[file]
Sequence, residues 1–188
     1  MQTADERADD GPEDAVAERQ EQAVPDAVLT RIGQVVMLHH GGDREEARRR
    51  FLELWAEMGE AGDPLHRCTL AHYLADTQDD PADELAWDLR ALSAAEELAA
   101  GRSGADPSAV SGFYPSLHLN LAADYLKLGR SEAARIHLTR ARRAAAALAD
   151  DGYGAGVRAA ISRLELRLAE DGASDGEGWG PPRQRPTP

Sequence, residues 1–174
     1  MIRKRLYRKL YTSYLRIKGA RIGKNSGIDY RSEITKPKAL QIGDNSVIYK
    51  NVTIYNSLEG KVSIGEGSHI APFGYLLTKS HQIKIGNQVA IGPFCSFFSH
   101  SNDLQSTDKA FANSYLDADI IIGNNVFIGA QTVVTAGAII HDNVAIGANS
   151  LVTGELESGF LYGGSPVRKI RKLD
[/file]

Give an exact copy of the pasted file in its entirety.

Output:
Sequence, residues 1–188
     1  MQTADERADD GPEDAVAERQ EQAVPDAVLT RIGQVVMLHH GGDREEARRR
    51  FLELWAEMGE AGDPLHRCTL AHYLADTQDD PADELAWDLR ALSAAEELAA
   101  GRSGADPSAV SGFYPSLHLN LAADYLKLGR SEAARIHLTR ARRAAAALAD
   151  DGYGAGVRAA ISRLELRLAE DGASDGEGWG PPRQRPTP

Sequence, residues 1–174
     1  MIRKRLYRKL YTSYLRIKGA RIGKNSGIDY RSEITKPKAL QIGDNSVIYK
    51  NVTIYNSLEG KVSIGEGSHI APFGYLLTKS HQIKIGNQVA IGPFCSFFSH
   101  SNDLQSTDKA FANSYLDADI IIGNNVFIGA QTVVTAGAII HDNVAIGANS
   151  LVTGELESGF LYGGSPVRKI RKLD